A meditation on distraction

I planned on writing about the effects of structure on our nervous system or the benefits of fixing the gut on our brain, but I decided to take a different path this morning.
I have a daily meditation practice, not hours a day, 10-30 minutes a day, maybe a few minutes here and there. Today is Saturday, which, for many of us, is a day where I get to go a little slower and not have the rush of the day on my mind.
Before meditating I made breakfast for my daughter and fed the cat I’m watching for a while(her canine sister will be joining us on Friday), and set my little girl up with some of her favorite art supplies. I thought that might buy me enough time to do a little yoga and meditating,(parents reading this can laugh now).
I went to the area of my place where I do yoga and meditate and did my thing. Five minutes later I found myself in downward dog, a cat tail in my face and my daughter needing help finding her purple pen(mind you she has more purple pens than and five year old needs, just not the one she wanted). I found her purple pen which was under the paper she was drawing on, and sent the cat on her way and returned to my session. I closed my door and a few interruptions later made it through yoga and on to meditation.
My room has a nice soft glow in the morning, it’s quietish for San Francisco, it works for me. Again a few minutes in to meditation kid and cat entered my space with needs. I have to admit, its frustrating, why can’t I ┬ájust have some time to do some yoga and meditation in a perfect environment without distraction? The reason is simple, life has distractions and stress, lots of them, so what do we do about it?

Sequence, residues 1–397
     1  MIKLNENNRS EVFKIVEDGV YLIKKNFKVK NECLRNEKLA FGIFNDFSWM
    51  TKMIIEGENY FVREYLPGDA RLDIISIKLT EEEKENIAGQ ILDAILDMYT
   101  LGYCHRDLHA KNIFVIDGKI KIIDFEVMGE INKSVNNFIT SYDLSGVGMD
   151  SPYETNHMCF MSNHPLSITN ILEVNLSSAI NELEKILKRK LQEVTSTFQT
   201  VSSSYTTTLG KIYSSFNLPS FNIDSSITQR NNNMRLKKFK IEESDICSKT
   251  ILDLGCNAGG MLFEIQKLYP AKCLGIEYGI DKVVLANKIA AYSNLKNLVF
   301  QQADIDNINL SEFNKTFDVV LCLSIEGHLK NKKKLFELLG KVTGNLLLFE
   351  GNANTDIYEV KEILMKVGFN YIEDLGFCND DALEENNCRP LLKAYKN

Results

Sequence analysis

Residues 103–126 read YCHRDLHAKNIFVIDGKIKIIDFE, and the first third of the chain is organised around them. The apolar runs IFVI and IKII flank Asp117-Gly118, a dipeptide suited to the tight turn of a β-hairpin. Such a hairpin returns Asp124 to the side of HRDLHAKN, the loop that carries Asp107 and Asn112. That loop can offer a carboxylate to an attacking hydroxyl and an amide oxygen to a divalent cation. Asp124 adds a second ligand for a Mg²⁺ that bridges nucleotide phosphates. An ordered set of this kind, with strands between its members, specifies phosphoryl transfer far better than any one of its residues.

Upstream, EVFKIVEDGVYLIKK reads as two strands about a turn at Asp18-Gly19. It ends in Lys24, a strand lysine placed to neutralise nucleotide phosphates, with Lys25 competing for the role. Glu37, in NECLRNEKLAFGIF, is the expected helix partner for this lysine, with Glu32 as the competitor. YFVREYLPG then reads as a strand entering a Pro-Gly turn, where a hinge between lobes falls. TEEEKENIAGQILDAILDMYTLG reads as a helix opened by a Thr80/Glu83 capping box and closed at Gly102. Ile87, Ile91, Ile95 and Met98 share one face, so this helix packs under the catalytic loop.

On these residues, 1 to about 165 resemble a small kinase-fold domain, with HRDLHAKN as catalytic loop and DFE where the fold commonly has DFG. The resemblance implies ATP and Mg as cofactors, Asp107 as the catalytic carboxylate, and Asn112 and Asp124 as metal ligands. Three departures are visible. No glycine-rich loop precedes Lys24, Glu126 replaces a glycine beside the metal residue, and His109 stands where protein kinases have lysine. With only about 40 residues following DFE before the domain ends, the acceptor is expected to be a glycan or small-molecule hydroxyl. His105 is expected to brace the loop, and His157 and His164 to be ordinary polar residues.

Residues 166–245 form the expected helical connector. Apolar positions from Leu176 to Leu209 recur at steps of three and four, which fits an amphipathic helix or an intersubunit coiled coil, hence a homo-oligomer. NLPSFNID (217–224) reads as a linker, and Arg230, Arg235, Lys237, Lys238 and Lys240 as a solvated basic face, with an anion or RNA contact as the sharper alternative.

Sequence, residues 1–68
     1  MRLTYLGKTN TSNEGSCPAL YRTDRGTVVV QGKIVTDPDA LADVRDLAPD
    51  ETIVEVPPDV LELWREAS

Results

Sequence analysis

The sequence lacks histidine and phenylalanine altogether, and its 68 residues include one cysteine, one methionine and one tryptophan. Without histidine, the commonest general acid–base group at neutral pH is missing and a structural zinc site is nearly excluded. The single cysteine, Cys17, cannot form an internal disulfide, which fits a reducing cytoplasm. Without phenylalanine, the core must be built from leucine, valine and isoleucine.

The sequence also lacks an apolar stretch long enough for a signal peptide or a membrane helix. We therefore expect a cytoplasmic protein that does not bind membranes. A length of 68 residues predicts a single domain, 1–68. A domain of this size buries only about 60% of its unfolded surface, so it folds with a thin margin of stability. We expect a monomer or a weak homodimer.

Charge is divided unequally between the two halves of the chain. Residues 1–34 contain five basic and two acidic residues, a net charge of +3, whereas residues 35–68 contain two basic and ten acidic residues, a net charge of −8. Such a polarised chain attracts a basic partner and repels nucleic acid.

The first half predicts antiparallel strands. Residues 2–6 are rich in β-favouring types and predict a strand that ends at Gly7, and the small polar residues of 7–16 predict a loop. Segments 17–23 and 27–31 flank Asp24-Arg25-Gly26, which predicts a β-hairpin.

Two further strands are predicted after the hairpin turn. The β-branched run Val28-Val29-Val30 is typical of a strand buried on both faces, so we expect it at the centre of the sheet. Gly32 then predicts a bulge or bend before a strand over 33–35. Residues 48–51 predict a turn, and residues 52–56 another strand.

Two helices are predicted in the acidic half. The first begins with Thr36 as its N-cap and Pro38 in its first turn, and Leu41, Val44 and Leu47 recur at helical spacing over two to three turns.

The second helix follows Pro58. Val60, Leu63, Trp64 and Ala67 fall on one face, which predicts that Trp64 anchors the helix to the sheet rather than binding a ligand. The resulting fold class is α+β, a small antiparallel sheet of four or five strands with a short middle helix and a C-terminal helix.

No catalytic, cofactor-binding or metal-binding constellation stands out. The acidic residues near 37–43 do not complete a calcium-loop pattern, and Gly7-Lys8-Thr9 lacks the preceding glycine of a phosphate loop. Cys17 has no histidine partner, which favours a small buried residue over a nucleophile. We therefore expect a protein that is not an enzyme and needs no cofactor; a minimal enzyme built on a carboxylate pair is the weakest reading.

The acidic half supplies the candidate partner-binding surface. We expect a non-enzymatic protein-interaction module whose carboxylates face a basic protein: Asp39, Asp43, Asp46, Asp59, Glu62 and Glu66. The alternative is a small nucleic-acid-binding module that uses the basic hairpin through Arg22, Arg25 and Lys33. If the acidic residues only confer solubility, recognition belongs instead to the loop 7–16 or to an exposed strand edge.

This is not a new scenario for me, it’s one that repeats itself daily, distractions and stressors abound, and I’ve learned to appreciate them. Running a business, caring for patients, being a parent, getting 10-20 emails or texts per day from patients, friends, or family about what to do about their health, living in a San Francisco, it adds up. This post isn’t about stress, though it could be, its about distraction. While meditating this morning I was struck by how quickly I dropped back in to the mediation with each distraction. Letting the frustrated feelings and thoughts simply pass through me. I owe this not to some super power or enlightenment, this is due to sticking with this practice for a long time. It was doing something simple and small for a long time, turning it in to a healthy habit that yields results in every aspect of my life. ┬áThere is vast research on the benefits of mediation, and I highly recommend it, but my point is that sticking with a healthy practice, whether its exercise, diet, mediation, seeing a chiropractor, acupuncturist,, etc will yield results that you don’t see in the short term. When I started this practice I was as easily distracted as a five year old, maybe even a cat. Now it is part of my life and helps me to focus on my studies, my daughter, my practice, in conversations, while surfing or playing guitar, you get the idea.
Everything and anything can be a mediation, reality is just as much actual as it is perceived, meaning two people can experience the same event with different thoughts, feelings, and reactions to them. Learning to let the stress and distractions of life work for you instead of slowing you down and burdening you is a life lesson worth the effort and can be as simple as sticking with something healthy. If you’d like to learn how Clinical Nutrition and high quality chiropractic and cranial care can help with this, continue to read this blog, as I will continue to post on these subjects and more. My daughter needs her hot pink pen now, off to find it. Be well!!!


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